The System and Structure Strengthening Approach against Radicalisation to Violent Extremism, SARVE project ended in style in December 2018. The 30 months ambitious project commenced in 2016 to address the intrinsic issues of extreme violence spilling across communities in Kogi State.
At the time Kogi was on the radar as the state with the most vicious and violent attacks and it was an unsafe corridor for the 11 States that boarders it. The spill-over effect informed the choice of location for the project as the crime record could almost match a war zone; people were kidnapped on almost a daily basis; highway robbery was regular and deadly; herdsmen/farmers clash was at its peak. Added was the biting issues of poverty; lack of minimal infrastructure; poor or complete absence of health and educational facilities. The people just lived; and died. There was little to inspire a good life.
26 years old Enemi Michael was one of those who had a full bag of sad tales. She got married at 20, with no skill or education; she raised 3000 naira (8 USD), bought a handful of groundnuts, collected used wine bottles and began her business. After the herdsmen attack on her husband’s farm, she became the breadwinner and when she took in with a child, she could not achieve so much “It was a complicated pregnancy, an issue between life and death. At that period, we only ate from the farm, we had no money for anything” she retorts. When it was time for delivery, Enemi borrowed all her maternal kits from pads to the baby clothing. She couldn’t even afford the hospital bill of 7,000 (19 USD) and had to pay in instalments for 6 months after delivery.
It was against this backdrop that the SARVE project strategy leveraged on a methodical participatory approach to tackling poverty which topped the list as the number 1 driver of violence and radical extremism. The project provided Community Livelihood Support while building social cohesion in the communities, assisting government in enhancing and improving structures and systems for better efficiency. The project also focused on providing platforms for learning and sharing of opportunities especially in rural communities where people were economically and socially excluded. It focused on building the capacity of women and youth, by raising their self-awareness, providing exposure to relevant life skills and giving the communities a general sense of purpose.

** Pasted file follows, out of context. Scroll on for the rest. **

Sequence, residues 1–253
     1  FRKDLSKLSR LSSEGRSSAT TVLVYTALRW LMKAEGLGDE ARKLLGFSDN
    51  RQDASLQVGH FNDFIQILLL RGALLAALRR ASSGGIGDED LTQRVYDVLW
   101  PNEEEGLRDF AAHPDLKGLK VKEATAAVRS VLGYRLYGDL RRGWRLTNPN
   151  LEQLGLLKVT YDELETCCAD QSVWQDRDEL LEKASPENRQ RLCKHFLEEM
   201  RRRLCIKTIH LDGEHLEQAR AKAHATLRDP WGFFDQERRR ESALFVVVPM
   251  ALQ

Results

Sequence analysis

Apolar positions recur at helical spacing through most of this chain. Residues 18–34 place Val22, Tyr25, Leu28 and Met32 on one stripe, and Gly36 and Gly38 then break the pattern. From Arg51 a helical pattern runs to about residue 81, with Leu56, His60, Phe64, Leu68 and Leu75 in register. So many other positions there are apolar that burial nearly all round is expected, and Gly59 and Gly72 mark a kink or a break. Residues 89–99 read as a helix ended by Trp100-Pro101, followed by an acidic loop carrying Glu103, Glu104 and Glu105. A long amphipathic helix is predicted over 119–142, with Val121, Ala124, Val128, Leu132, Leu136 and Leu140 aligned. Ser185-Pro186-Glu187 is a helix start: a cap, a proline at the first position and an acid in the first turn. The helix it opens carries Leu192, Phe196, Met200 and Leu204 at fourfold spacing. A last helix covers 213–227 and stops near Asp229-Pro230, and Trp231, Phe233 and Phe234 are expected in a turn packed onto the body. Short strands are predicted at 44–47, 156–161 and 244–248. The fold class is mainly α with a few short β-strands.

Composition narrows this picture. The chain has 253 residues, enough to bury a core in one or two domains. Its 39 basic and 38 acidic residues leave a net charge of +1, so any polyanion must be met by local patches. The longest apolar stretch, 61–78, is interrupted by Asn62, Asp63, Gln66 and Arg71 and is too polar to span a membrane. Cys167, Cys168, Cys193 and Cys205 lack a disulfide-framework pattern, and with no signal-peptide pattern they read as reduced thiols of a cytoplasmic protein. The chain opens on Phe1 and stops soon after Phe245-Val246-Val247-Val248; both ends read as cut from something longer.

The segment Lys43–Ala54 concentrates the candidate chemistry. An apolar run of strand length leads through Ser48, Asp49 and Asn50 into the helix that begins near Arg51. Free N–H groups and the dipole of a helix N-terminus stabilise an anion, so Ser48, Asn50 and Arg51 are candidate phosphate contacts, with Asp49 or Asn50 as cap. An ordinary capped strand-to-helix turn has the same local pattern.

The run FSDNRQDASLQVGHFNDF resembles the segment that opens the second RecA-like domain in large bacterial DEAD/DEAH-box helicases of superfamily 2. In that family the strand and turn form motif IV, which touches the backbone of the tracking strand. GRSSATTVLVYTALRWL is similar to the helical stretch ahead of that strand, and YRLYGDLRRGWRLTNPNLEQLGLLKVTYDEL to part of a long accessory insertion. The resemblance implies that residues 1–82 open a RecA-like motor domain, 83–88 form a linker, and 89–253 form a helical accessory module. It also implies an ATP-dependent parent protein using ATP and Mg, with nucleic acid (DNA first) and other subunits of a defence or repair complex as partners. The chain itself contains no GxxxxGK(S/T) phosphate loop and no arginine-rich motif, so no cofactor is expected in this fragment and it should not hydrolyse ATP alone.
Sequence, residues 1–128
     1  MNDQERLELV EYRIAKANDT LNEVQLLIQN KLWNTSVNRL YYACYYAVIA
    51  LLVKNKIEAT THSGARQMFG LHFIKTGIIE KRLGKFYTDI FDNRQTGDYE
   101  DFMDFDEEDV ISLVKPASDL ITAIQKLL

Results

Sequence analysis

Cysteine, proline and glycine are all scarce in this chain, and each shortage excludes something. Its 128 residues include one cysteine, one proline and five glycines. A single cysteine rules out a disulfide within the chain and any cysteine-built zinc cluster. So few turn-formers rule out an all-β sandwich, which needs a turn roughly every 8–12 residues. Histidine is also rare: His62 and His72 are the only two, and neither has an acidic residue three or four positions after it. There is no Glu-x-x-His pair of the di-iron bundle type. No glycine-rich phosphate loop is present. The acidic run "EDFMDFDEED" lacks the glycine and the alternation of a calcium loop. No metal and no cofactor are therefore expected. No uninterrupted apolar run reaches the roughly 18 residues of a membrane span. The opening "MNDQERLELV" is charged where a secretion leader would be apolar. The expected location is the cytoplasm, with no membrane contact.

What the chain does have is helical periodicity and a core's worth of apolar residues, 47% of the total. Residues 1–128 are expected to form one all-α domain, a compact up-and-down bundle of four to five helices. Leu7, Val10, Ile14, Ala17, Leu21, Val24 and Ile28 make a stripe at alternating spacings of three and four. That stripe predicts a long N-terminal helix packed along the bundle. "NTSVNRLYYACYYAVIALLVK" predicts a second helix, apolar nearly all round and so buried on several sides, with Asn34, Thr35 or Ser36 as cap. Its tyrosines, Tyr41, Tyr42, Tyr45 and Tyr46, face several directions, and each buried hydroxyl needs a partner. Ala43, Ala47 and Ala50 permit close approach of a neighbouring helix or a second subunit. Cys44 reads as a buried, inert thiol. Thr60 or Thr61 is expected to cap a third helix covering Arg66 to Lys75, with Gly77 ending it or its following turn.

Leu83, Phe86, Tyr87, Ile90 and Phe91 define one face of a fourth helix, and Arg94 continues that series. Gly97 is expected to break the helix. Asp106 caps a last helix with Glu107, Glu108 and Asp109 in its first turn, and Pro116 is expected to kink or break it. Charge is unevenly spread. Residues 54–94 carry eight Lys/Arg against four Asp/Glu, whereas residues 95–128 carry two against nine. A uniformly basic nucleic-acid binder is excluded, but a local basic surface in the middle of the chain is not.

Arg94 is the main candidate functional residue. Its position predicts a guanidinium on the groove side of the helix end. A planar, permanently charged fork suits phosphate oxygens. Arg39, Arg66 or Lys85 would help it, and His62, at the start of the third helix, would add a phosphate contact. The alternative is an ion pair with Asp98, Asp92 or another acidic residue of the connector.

The project outcome has been fantastic; according to Leadership Newspapers, Kogi State recorded over 160 cases of kidnapping between January to June 2015, but no case of kidnapping was recorded between January to June 2018. Record from the State Police and the local vigilante also attest to the drastic reduction of the rate of kidnapping. Umar Namatazu, 46, the head of the vigilante group at the Fulani community commented as follows: we now sleep with ease “We only have one case of kidnap since this year and we were able to track the kidnappers and rescue the victim” he enthused.
The project directly reached 12,985 youths, 4,230 women and 8,705 men. One major landmark success was the sustained advocacy which resulted in the passage of the Kogi State Youth Development Commission Bill into Law. The Law will help to create jobs and increase economic development opportunities for youths in Kogi state.
“Now, with the livelihood support given to us and all they have taught us on peaceful coexistence and harmonious leaving, life is better. Women and youths here are no longer idle, and we are sure our families will no longer suffer, Ememi concludes. Although the project ended December 2018, AAN has now received funding for a second phase and expand the gains to 1 more state. AAN will commence implementation of SARVE 2 in Kogi and Nasarawa states in March 2019.